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As I’ve been predicting for some time, it appears that any health care reform bill which might pass the Senate will not have a “public option” in it. Over the weekend, Barack Obama and representatives of his Administration were carefully trying to backpedal away from the “public option” saying it’s not the essential part of health care reform. Now they’re talking about “co-ops” to compete with private insurers and they’re trying to spin the recent massive public outcry against a government takeover of health care into some sort of political victory.
If any health care reform bill passes, the Administration will be out on every talk show preening over their “accomplishment". But make no mistake, without a “public option” health care “reform” will be a substantial (and welcome) loss for The One. The left-wing base of the Democratic Party, which is increasingly all that’s left of the group fawning over him, desperately wanted a “public option". From the econo-moron residents of Boulder, Berkeley, and Manhattan, to Paul Krugman, to most especially the leadership of America’s largest labor unions, the left thought their great moment, when we move a giant leap closer to Euro-socialism, was upon us.
The econo-morons simply hate private industries that make money and were looking forward to attacking the health insurance industry. The unions were hoping that legislation would relieve them of much of the responsibility of paying for health insurance for their members and retirees, leaving the unions with a massive windfall of previously saved money which could then be turned into a political slush fund to reinvest in Democrats. Paul Krugman was in both of these camps. (And if there’s anyone who it’s great to see lose, it’s the former economist, now partisan political hack, with whom the NY Times sullies their editorial page.)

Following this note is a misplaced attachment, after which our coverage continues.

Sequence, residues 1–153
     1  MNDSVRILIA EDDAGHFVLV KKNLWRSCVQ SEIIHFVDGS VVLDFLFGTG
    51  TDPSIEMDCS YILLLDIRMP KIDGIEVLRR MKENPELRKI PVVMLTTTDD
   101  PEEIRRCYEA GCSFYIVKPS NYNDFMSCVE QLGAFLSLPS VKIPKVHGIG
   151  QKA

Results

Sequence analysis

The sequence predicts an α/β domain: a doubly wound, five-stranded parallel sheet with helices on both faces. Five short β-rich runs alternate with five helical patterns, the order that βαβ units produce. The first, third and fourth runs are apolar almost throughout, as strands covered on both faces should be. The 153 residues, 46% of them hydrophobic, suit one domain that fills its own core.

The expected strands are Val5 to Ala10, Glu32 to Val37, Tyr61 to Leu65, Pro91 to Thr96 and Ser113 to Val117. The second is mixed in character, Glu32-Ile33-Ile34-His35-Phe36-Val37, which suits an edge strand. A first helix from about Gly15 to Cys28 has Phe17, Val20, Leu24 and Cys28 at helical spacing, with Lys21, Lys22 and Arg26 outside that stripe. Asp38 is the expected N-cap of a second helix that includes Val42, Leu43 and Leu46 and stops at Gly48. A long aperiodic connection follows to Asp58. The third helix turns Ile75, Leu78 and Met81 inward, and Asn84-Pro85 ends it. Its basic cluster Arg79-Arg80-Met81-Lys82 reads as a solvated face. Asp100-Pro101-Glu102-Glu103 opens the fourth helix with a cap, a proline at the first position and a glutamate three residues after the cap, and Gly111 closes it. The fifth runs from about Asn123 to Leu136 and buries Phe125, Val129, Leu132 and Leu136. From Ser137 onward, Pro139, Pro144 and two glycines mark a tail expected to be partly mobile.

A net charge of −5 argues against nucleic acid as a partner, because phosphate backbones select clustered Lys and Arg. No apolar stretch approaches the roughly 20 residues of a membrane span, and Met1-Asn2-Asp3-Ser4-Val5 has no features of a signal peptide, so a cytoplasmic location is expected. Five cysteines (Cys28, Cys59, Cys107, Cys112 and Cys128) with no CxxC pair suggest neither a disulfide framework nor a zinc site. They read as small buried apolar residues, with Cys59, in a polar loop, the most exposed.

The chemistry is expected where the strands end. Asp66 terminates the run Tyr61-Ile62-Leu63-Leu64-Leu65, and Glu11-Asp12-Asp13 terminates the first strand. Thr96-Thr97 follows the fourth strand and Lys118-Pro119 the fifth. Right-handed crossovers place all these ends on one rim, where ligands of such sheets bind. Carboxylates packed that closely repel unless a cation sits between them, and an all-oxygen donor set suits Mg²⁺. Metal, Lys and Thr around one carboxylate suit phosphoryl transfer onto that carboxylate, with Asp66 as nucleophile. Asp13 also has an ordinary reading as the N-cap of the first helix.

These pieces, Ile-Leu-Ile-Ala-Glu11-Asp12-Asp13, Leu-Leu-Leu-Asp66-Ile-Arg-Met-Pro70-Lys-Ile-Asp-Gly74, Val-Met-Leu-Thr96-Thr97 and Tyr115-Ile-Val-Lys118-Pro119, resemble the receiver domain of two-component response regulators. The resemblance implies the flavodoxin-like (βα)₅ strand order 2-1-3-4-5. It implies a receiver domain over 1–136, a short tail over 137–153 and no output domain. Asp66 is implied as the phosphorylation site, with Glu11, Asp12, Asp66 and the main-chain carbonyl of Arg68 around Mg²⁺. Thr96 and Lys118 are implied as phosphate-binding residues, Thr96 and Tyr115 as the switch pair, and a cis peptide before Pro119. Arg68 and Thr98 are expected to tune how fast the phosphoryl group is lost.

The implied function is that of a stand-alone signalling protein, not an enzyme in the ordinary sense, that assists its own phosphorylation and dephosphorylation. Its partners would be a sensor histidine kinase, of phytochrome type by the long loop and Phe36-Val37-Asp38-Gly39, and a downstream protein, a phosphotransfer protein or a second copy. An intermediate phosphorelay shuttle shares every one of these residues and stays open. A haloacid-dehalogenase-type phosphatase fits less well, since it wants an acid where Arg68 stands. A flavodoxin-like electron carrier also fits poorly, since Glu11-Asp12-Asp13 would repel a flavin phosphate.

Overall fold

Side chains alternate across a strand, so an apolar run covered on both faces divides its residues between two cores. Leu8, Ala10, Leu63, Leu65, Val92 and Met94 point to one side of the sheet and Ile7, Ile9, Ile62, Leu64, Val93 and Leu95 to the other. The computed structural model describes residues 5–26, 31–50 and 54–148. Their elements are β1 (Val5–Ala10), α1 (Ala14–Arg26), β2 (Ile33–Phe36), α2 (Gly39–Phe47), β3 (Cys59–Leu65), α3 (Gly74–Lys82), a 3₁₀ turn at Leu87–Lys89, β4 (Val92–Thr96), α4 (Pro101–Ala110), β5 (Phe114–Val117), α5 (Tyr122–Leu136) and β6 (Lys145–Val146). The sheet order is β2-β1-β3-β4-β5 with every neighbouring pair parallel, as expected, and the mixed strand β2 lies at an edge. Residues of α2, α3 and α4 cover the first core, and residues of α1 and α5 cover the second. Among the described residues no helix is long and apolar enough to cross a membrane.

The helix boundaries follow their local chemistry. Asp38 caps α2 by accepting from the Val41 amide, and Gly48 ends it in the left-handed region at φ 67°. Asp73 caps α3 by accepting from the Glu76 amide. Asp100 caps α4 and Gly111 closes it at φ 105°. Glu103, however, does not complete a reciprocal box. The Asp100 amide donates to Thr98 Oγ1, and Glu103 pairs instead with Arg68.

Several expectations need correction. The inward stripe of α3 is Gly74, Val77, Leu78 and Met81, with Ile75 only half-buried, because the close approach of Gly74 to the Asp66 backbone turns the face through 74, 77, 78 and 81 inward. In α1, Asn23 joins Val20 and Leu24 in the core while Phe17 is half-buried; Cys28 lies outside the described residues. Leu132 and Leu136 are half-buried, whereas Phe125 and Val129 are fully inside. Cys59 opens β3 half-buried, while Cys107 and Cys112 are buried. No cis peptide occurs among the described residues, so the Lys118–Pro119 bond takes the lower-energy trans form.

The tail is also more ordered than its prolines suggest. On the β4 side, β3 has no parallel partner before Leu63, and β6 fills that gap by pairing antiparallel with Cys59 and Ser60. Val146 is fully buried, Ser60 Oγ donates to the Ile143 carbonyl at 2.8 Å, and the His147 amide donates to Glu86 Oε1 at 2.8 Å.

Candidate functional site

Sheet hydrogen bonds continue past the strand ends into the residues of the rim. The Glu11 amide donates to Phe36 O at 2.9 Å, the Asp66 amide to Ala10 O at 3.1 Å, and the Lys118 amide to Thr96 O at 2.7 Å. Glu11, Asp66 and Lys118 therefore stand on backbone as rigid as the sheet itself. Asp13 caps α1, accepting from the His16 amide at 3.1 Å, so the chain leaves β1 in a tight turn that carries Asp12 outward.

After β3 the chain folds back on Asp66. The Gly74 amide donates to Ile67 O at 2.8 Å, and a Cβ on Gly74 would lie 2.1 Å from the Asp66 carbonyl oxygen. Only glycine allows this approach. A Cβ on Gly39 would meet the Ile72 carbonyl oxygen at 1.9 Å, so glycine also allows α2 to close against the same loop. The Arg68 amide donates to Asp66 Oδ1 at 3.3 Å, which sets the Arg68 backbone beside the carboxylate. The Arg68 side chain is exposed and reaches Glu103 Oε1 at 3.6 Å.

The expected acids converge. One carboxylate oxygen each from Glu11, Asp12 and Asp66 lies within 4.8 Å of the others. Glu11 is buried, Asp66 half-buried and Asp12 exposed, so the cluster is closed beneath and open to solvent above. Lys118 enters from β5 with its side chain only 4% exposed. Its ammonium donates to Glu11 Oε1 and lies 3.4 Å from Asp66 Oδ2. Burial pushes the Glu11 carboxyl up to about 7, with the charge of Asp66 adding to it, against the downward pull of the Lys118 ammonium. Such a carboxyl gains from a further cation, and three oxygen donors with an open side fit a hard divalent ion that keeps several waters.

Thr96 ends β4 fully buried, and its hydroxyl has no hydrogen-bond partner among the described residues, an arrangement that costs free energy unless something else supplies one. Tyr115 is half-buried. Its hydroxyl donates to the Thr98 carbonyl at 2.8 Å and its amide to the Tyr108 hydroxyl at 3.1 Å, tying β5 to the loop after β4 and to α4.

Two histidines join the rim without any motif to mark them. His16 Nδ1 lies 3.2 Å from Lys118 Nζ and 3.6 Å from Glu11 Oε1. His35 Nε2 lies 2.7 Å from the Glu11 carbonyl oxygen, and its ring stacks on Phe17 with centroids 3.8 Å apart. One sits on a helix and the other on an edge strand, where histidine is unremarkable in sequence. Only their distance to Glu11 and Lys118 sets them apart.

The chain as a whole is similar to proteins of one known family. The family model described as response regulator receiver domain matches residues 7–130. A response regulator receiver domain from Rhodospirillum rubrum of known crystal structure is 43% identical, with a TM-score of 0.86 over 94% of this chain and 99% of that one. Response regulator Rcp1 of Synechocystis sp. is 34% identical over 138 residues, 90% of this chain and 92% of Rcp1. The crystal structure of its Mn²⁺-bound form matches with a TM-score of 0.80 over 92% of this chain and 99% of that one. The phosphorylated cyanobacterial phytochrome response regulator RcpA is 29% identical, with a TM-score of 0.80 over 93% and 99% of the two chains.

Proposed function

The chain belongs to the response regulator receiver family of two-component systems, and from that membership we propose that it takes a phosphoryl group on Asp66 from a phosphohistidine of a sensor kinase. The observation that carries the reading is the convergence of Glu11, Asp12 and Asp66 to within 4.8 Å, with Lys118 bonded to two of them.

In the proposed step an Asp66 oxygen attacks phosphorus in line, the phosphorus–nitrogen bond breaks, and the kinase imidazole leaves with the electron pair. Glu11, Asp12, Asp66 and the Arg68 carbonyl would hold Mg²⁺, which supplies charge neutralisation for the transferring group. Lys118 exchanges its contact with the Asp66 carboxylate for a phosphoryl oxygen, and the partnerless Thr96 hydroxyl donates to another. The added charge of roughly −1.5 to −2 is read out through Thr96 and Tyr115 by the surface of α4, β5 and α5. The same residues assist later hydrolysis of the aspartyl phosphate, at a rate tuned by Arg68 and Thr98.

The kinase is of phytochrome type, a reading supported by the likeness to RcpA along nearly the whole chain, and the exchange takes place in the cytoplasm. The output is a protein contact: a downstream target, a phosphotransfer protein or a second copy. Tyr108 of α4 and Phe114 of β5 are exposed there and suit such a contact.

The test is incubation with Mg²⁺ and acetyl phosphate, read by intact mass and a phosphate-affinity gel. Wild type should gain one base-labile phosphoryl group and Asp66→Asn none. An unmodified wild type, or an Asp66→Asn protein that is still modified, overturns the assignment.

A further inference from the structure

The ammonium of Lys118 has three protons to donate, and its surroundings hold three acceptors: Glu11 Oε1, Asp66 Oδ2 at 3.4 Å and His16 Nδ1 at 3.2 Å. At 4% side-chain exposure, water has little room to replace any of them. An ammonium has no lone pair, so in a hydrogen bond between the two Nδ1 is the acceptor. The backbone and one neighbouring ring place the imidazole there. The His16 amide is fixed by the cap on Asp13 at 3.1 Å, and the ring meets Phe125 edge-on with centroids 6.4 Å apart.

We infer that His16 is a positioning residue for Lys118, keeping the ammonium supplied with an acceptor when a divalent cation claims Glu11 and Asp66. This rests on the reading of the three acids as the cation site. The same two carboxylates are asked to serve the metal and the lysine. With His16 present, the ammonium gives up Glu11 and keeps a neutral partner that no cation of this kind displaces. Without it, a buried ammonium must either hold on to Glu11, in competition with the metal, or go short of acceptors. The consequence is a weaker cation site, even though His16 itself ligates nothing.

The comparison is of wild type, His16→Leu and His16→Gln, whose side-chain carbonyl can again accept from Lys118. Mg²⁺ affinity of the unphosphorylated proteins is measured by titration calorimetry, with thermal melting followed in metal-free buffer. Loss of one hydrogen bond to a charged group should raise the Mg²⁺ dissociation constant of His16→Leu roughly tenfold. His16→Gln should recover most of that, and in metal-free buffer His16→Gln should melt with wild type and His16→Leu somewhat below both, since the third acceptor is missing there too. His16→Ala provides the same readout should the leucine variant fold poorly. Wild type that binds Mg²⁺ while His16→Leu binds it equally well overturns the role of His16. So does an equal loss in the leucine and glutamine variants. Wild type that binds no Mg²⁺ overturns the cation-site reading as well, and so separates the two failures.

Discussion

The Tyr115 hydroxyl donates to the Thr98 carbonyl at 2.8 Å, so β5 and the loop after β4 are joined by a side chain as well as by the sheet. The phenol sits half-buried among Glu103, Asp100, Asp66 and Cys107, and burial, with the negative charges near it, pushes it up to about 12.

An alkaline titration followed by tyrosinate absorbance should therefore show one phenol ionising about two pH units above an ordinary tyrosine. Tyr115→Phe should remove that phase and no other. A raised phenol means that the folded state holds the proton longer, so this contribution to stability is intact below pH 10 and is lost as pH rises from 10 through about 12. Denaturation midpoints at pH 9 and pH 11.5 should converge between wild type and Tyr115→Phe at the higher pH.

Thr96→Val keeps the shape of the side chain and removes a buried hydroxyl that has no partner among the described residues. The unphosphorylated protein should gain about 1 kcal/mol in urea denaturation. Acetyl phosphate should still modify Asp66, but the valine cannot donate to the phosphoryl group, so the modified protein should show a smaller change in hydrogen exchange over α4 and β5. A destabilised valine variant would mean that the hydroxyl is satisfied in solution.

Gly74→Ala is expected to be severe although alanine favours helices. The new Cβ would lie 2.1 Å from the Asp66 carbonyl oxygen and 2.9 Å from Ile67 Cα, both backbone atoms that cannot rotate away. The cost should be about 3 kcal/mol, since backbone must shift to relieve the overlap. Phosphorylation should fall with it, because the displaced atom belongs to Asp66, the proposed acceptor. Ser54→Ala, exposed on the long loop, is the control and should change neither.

The coming politics will remain very interesting. First, it’s not clear that the rather large “progressive” (i.e. socialist) wing of the House Democrats will even support a bill without a government-run plan. Thus, we go from a situation where passage was extremely unlikely in the Senate to a situation where passage, while still likely, is far from assured in the House.
Also, you can bet that many who oppose government-run medicine (including yours truly) will be making efforts to explain to voters and politicians why co-ops are at best pointless and at worst just the camel’s nose under the tent on the path to government-run medicine. (For a brief discussion of these issues, see THIS article by the Cato Institute’s Michael Tanner and THIS WSJ article.) It remains to be seen whether Republicans can become as steadfast in their opposition to co-ops as to a “public option". My guess is that there will be enough Republican support for the bill, just so they can’t be accused of being the “Party of ‘No’", that some bill will pass. It will make the situation worse, rather than better. It will probably include co-ops. And it will take two generations before we’re able to get rid of them.
In my view, the failure of Obama to pass a public option will substantially (and fortunately) damage his political power for the long run. Yes, he remains extremely popular and he’ll continue to have very large majorities in both houses of Congress, at least for another 18 months. But the fact that he will essentially have been beaten and that much of the reason for that beating came from the voting public (with poll numbers to prove it) will give “moderate” Democrats far more leeway to oppose Obama, Pelosi, and Reid than they might have felt they had just a couple of months ago.
The Democrats’ over-reaching was a perfect example of what I’ve been writing about for many months now: The assumption by elected politicians that they were elected because the public strongly supports their agenda, rather than the more usually true answer: that the public was just sick of the other guys. Luckily, we'll probably not have to go through a government-run health plan to cure this particular illness.